Some Links: May 2023

I'm still in the process of trying out different styles of blogging to see what works for me. Today we'll be roleplaying as a link blog, but with one aggregate post covering the month of May instead of one post per link. Let me know what you think!

I built this list throughout the month on Raindrop.io - you can also see this list over there.

Kernel

  • Linux 6.3 was released at the end of April. See the Linux Kernel Newbies page and Linus' release email for more details.
  • Rob Herring posted a very welcome patch to organize the ARM device trees (1553 files and growing) into per-vendor subdirectories. I gave this my ack as maintainer of the SanCloud device trees and hope to see the new layout in Linux 6.5.
  • The fourth installment of "50 years in filesystems" by Kristian Köhntopp takes us back to 1994 and the design of the XFS filesystem. XFS has been my filesystem of choice for most of the time I've been using Linux. I've not done any solid benchmarking but the support for large filesystems and the focus on bandwidth & concurrency are a good match to my needs. I've been really enjoying this series of articles!

C & C++

Rust

Python

  • I discovered the Nobody has time for Python blog this month and I'm enjoying the posts there. In particular, I want to highlight Happiness is a good PYTHONSTARTUP script - this post discusses how to customise an interactive Python/IPython shell with a startup script. I wouldn't go as far as this post does, I think a 320 line startup script is overkill, but I will be making use of some of the suggestions here.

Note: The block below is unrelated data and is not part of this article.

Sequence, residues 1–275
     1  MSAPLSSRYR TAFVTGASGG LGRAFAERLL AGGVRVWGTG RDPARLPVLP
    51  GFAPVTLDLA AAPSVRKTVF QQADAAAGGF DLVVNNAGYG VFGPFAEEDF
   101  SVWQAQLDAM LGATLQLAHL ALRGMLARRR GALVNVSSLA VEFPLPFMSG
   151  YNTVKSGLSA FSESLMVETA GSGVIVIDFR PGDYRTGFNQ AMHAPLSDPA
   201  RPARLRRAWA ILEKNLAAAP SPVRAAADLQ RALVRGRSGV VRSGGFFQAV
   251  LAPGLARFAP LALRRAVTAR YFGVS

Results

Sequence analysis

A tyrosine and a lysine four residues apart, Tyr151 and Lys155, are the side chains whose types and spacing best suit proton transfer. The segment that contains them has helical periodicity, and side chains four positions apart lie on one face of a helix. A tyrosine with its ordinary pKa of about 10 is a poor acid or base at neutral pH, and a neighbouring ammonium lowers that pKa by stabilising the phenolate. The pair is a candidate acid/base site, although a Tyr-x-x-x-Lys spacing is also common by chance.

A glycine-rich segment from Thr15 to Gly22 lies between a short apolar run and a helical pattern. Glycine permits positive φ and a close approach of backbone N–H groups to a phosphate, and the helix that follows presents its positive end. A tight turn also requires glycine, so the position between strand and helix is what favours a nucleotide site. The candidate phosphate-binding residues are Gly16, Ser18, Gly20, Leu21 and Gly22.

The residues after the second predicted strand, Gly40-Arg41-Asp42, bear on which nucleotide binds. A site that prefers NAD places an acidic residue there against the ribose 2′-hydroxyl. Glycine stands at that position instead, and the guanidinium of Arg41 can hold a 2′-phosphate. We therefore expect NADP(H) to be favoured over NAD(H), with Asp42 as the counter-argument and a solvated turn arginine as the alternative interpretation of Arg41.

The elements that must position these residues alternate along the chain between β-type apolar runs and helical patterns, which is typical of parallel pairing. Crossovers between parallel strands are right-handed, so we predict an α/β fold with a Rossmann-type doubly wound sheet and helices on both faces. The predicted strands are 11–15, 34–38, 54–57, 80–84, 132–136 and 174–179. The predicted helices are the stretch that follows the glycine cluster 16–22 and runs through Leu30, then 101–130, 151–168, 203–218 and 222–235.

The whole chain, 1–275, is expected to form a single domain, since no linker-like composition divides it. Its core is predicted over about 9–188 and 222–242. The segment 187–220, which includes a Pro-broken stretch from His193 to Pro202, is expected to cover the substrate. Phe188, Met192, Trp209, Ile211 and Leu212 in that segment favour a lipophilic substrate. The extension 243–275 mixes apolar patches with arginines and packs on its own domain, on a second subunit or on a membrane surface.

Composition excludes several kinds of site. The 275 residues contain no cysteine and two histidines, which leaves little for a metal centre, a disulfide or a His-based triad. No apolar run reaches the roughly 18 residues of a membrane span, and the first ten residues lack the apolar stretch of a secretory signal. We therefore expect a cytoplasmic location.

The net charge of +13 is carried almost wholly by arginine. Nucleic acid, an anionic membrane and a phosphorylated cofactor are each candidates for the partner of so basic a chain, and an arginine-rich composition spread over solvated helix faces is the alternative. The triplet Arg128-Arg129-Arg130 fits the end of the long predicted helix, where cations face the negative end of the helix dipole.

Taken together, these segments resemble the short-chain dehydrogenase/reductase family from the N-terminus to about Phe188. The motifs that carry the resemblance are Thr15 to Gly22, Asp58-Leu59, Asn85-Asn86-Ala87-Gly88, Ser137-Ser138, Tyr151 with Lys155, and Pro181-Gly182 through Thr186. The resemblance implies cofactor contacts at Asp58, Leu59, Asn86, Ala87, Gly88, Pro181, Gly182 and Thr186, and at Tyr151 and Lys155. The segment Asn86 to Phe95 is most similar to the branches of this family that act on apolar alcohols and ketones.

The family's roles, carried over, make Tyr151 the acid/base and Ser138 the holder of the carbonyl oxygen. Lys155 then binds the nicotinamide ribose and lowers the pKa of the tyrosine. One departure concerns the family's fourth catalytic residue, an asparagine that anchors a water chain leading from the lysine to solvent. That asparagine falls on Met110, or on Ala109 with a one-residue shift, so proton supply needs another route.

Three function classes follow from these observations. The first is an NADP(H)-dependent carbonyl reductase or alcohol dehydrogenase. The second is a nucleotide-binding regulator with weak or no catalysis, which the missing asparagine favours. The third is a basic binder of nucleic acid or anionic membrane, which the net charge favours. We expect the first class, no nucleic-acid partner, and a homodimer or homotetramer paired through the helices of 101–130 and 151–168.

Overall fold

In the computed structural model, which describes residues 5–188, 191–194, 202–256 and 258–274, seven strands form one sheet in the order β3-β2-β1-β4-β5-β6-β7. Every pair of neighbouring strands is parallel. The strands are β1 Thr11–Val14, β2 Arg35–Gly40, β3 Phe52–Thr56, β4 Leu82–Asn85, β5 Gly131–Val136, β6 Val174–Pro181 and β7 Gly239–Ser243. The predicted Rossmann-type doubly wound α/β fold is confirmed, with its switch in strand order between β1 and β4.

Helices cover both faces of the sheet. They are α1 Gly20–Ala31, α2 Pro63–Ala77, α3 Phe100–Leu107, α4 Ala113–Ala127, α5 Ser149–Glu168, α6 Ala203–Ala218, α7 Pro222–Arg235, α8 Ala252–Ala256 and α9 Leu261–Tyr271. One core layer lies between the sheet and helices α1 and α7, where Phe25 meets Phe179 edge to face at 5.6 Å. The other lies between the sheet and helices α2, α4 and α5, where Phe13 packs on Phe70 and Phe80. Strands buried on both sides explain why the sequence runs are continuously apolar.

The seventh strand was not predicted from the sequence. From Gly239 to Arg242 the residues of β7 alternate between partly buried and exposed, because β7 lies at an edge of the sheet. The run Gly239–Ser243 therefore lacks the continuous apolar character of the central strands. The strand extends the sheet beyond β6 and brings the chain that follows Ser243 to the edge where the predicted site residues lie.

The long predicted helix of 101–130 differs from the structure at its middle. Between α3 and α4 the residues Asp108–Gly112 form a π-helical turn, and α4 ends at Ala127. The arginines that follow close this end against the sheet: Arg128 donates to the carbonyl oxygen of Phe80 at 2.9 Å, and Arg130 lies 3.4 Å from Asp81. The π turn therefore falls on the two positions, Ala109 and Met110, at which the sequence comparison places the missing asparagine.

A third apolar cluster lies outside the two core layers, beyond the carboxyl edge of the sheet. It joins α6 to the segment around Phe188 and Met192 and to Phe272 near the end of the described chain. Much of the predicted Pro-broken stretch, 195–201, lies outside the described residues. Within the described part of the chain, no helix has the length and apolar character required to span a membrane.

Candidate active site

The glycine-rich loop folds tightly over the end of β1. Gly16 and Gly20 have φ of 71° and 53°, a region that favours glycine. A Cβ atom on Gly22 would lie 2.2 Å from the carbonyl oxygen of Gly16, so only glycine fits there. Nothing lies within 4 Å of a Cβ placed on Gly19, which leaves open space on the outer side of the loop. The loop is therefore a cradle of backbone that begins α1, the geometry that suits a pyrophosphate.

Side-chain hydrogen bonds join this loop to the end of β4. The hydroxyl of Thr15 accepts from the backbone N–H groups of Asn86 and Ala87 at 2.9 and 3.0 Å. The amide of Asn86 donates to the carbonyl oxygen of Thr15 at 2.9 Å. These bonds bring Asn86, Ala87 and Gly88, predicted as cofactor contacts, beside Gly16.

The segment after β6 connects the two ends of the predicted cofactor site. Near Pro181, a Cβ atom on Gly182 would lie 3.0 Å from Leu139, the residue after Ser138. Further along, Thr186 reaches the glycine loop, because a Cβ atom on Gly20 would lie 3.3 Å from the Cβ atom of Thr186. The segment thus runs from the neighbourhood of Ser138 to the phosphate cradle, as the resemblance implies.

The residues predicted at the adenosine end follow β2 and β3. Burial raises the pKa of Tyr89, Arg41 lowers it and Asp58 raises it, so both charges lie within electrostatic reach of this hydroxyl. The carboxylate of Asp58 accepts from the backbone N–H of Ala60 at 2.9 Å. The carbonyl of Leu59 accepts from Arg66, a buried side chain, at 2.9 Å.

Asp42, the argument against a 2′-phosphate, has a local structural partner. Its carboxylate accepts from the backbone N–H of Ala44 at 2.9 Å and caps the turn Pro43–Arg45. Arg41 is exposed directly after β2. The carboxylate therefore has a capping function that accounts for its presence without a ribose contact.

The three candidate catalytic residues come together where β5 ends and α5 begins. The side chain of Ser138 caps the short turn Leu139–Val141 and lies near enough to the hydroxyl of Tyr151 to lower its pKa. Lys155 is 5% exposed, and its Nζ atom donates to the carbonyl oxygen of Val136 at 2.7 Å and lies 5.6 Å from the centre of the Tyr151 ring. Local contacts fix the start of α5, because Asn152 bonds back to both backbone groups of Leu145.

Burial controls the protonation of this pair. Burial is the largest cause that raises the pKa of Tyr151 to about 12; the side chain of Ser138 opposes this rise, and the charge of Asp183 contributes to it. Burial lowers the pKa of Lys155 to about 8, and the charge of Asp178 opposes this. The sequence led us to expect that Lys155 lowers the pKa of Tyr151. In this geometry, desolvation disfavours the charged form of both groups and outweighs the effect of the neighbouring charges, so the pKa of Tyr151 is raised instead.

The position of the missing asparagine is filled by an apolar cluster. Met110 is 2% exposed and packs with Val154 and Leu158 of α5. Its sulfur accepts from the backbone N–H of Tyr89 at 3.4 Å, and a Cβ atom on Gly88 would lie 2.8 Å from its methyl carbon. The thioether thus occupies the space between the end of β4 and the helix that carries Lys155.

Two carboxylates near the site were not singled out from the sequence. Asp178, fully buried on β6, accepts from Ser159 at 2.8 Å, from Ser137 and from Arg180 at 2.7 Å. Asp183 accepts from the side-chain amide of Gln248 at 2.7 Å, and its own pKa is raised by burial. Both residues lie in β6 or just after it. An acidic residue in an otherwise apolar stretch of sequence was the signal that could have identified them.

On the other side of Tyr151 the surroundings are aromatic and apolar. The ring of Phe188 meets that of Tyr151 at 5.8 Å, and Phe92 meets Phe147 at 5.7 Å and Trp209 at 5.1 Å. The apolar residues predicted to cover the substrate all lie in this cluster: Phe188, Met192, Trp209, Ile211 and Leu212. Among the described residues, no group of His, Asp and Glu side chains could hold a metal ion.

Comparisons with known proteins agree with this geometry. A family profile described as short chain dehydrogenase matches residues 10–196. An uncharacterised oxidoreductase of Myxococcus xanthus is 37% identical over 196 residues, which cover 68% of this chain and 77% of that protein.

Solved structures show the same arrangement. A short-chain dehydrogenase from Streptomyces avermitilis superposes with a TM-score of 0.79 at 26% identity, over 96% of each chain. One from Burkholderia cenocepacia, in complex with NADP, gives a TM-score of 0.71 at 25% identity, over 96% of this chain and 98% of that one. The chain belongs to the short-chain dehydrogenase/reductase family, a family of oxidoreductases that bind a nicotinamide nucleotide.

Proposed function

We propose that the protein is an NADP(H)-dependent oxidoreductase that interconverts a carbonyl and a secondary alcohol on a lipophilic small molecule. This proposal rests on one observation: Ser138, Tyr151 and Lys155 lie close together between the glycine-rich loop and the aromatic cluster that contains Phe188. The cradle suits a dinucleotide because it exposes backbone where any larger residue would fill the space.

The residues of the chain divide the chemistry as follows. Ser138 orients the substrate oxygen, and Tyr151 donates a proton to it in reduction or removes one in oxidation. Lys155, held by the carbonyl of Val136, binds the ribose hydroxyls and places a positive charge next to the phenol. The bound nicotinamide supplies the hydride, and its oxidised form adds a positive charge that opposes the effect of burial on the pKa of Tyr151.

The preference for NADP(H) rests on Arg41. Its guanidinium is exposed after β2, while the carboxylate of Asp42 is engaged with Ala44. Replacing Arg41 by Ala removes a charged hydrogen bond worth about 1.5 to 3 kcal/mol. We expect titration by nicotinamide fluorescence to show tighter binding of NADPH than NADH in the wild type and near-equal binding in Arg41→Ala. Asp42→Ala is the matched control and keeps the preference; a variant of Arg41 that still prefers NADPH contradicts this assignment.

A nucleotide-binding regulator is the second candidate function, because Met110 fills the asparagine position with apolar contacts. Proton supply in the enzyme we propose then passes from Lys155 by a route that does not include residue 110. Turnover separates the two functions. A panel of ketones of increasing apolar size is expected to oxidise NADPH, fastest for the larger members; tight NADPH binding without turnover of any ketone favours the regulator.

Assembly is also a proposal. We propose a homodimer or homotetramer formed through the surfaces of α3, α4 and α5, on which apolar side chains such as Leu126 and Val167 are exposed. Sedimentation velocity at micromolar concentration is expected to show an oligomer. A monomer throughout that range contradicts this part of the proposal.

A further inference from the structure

• LWN explored Ruff: a fast Python linter written in Rust. I don't think this is yet ready to replace flake8 & isort for me, but I'll definitely be checking back in a year or so to see how this has progressed.
  • Since pip v23.0, a Python environment can be marked as "Externally Managed" which will prevent installation of additional packages via pip. This has been enabled recently on Gentoo and on Debian Bookworm (currently in pre-release) to push users to install such Python packages with the system package manager, or use a venv where appropriate. The article "Externally managed environments": when PEP 668 breaks pip covers this development well and suggests changes to your workflow if you're used to just pip install-ing packages.
  • I've started switching from markdownlint (written in Ruby) to PyMarkdown for linting my readmes, changelogs and other Markdown documents. It's much easier for me to deploy Python development tools as they can be easily installed in a venv. This project is still very much beta quality, but it's working for me so far!
  • A lot has happened this month in the world of PyPI. I wrote Thoughts on PyPI, PGP and Sigstore in response to the removal of PGP signature support. We've also learned that PyPI was subpoenaed and that every account that maintains any project or organization on PyPI will be required to enable 2FA on their account by the end of 2023.

Other Topics

Thanks for reading!

Except as otherwise noted, all content in this post is Copyright 2012-2023 Paul Barker. Words and images may be re-used for non-commercial purposes under the CC BY-NC 4.0 license and code samples are made available under the Apache 2.0 license.